Lost Lantern is a fairly new independent bottler of American whiskeys, and it lately seems to have really hit its stride. For Spring 2022, it’s dropping four new single cask whiskeys, some with some truly unusual finishing applied. We were fortunate enough to get the full quartet — none of which yielded more than 272 bottles — for review. Let’s give them all a try.
Lost Lantern Single Cask #1 2022: Smooth Ambler West Virginia Straight Bourbon Whiskey – Toasty, slightly smoky, and a bit green on the nose, with notes of tobacco and lots of frontier-style barrel char. Based on the aromatics, things feel like they’re going to remain pretty savory throughout, but the palate lightens and sweetens up a little, offering light notes of sesame oil, lemon peel, and a spicy layer of grains of paradise. The wood doesn’t let up on the enduring, forever finish, though layers of vanilla caramels and chai spice manage to push their way into focus periodically. 123 proof. 195 bottles produced. B- / $80
Lost Lantern Single Cask #2 2022: Westward Oregon Single Malt Whiskey Finished in a Chardonnay Cask – Darker in color than you’d expect. The nose is quite wood-forward but tempered by quite a bit of baking spice, and a ruddy earthiness that pushes on the cloves and notes of dried black tea leaves. The palate is similar in its construction, a winey, oxidized character coming into focus with some time in glass. It certainly doesn’t evoke chardonnay, but rather has a distinct Amontillado sherry-like quality to it. Punchy with pepper and some citrus peel on the finish. While not universally lovable, it’s altogether unusual and intensely curious as the glass is emptied. 120.9 proof. 272 bottles produced. B+ / $130
Lost Lantern Single Cask #3 2022: Frey Ranch Distillery Nevada Four Grain Straight Bourbon Whiskey – This straight shot of cask strength Frey Ranch bourbon offers all everything one has come to expect from this upstart distillery, including a nose laced with brown sugar and lots of spice, plus plenty of barrel char to keep the sweetness in check. Hot on the tongue but tempered with more brown sugar, the clove notes are heavy on this beast, with ample lumberyard coming into focus late in the game. A bit tight and less sweet than the recent single barrel release we saw from the distillery, the finish here runs toward greener pastures, evoking a touch of green bean and asparagus — which isn’t the best way to end things. 123.9 proof. 188 bottles produced. B+ / $100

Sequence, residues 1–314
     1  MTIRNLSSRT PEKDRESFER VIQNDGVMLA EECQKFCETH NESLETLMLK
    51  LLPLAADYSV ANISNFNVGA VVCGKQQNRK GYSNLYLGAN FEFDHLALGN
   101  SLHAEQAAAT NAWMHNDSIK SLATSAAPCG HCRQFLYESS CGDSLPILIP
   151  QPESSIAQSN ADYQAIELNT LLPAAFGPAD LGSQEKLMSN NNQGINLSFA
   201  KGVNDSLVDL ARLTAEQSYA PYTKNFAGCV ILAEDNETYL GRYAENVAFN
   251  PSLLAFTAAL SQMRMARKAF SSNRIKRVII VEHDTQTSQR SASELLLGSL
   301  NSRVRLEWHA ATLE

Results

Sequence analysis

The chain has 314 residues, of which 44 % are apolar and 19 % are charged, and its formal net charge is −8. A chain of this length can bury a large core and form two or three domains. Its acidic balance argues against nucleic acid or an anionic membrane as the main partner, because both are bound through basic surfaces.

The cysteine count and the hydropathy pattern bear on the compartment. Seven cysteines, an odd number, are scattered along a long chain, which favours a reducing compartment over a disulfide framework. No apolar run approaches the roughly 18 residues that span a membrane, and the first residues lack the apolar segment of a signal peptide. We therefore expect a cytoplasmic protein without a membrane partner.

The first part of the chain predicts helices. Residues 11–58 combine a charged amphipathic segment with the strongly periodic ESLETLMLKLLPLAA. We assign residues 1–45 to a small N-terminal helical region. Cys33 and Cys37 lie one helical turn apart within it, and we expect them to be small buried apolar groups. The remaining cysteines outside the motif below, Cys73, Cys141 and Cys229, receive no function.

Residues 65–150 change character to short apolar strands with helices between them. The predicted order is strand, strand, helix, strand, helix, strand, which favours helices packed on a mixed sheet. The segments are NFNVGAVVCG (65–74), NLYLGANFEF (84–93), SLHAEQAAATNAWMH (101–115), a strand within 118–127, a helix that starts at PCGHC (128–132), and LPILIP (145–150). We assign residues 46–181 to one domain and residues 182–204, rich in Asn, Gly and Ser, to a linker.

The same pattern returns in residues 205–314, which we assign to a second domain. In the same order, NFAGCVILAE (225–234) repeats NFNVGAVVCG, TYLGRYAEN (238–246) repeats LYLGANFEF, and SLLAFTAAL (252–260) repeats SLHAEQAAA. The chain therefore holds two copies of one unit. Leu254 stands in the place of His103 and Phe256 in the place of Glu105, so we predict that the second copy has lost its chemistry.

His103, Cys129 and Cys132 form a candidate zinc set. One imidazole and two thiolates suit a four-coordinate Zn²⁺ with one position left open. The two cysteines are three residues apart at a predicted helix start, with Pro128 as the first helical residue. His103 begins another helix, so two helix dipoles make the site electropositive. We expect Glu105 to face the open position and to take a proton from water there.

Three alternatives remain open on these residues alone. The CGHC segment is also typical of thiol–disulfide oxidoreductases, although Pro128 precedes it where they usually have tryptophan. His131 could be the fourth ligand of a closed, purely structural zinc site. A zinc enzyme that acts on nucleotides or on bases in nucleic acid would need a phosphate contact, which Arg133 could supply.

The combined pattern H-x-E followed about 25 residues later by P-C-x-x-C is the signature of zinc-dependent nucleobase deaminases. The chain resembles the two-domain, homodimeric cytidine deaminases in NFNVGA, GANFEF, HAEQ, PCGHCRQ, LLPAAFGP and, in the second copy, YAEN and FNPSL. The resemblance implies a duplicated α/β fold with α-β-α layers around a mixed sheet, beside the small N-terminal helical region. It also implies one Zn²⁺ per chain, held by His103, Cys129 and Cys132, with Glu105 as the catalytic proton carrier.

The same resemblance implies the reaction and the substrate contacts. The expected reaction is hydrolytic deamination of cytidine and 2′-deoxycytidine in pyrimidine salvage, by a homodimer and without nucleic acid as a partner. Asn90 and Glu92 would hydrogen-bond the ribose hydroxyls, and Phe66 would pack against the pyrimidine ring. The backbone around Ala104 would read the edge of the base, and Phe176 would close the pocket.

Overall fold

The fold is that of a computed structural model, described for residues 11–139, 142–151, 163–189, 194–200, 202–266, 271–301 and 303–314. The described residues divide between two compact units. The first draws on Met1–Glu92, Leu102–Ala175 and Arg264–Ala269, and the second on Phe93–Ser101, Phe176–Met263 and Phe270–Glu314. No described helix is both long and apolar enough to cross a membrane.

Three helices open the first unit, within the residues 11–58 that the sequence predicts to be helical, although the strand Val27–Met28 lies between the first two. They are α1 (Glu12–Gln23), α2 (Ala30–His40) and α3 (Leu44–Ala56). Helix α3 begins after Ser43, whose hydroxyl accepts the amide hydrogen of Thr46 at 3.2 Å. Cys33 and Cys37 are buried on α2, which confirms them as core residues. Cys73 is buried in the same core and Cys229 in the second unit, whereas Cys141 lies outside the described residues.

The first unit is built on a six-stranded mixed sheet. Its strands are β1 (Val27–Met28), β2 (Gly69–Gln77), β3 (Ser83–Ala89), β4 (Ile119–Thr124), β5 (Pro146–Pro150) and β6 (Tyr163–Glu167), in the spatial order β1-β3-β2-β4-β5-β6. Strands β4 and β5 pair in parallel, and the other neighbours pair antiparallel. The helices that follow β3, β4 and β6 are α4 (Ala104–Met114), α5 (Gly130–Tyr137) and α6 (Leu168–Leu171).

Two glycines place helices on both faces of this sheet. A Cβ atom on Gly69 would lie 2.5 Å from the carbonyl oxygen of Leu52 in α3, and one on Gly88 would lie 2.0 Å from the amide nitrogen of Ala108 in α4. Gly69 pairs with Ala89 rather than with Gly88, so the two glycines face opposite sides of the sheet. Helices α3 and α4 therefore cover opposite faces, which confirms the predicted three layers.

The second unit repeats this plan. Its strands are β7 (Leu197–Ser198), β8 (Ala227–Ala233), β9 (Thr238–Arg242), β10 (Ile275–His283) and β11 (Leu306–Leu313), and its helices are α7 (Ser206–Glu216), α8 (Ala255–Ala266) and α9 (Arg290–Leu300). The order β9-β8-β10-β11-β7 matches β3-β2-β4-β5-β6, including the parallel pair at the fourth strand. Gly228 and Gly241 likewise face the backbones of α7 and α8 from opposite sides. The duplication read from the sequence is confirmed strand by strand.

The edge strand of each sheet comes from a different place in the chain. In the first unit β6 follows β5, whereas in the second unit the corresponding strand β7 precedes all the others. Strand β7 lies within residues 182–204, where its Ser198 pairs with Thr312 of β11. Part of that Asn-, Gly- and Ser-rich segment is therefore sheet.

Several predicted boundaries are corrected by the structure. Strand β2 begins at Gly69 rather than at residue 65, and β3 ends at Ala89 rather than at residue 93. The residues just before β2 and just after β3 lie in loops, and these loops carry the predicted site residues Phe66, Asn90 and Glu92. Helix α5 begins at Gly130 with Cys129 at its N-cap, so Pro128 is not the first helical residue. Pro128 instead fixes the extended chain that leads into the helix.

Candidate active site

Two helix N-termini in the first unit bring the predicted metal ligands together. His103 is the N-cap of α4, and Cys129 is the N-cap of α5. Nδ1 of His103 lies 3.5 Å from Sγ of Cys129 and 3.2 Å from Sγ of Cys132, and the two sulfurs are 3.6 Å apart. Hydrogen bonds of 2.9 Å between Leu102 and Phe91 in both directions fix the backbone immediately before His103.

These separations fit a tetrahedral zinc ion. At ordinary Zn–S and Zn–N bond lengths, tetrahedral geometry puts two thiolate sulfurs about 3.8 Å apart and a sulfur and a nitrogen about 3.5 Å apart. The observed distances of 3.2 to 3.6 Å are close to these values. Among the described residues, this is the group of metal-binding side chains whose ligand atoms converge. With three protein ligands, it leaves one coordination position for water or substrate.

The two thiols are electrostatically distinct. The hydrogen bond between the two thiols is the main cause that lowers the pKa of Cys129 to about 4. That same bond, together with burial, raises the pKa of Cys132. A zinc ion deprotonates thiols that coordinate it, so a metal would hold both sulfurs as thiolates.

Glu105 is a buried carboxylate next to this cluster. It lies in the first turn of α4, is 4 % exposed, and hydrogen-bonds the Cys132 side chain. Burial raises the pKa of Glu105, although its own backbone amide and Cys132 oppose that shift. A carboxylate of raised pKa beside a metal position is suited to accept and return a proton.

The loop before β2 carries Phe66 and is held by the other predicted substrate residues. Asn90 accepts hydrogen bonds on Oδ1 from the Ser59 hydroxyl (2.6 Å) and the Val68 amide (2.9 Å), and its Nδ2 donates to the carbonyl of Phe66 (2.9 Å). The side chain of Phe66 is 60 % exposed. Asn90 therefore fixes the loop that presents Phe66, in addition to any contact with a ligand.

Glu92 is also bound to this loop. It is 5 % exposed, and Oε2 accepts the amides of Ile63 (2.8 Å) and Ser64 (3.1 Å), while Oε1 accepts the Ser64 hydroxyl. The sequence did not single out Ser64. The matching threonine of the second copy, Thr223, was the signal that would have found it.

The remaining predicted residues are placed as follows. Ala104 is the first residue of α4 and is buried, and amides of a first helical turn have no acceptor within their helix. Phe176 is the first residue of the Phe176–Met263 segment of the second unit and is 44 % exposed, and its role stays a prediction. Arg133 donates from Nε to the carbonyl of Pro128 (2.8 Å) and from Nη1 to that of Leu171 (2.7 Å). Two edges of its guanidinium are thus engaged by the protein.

Lost Lantern Single Cask #4 2022: Spirit Works California Straight Rye Whiskey Finished in a Sloe Gin Cask – Sloe gin finish? That’s a new one for me… though Spirit Works also makes a really nice sloe gin in addition to whiskey. Tons and tons of fruit on the nose here as you’d expect, though it’s not immediately distinguishable as sloe gin. Spicy and laden with notes of raspberry, the underlying whiskey is actually hard to pick out, though with time in glass it reveals notes of fresh cereal and some barrel char influence. The palate offers many of the same elements, quite sweet and showcasing a strongly fruity experience that features lots of red berries, gingerbread and baking spice, and a mild barrel influence. Again, pegging this as whiskey might be hard if you didn’t know what you were getting into, though some water here isn’t a bad idea, helping to temper the exuberance of the fruit and allow some of the underlying rye spice to emerge — particularly on the lingering, almost minty finish. Finishing whiskey in liqueur barrels doesn’t always work perfectly — see Parker’s curacao-finished bourbon as an example — but this unique bottling is decidedly worth a try, particularly if you have a sweet tooth. 113 proof. 207 bottles produced. A- / $100